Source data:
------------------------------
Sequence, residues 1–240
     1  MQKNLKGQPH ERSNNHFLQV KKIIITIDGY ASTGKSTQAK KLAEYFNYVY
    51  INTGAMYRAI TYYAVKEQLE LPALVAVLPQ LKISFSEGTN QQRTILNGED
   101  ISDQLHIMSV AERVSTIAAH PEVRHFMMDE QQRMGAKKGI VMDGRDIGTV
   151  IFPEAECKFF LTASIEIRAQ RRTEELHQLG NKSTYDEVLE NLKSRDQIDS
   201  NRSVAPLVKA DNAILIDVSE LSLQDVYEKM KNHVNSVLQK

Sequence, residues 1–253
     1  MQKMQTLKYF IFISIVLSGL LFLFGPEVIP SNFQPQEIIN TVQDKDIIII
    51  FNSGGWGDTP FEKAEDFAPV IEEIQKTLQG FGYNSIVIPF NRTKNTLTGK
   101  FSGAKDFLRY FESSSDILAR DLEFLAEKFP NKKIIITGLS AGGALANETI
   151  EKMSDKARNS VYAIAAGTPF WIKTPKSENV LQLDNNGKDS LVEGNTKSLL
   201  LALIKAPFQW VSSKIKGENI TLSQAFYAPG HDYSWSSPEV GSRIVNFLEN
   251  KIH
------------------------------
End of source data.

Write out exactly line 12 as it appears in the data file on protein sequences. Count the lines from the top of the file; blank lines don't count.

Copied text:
   201  LALIKAPFQW VSSKIKGENI TLSQAFYAPG HDYSWSSPEV GSRIVNFLEN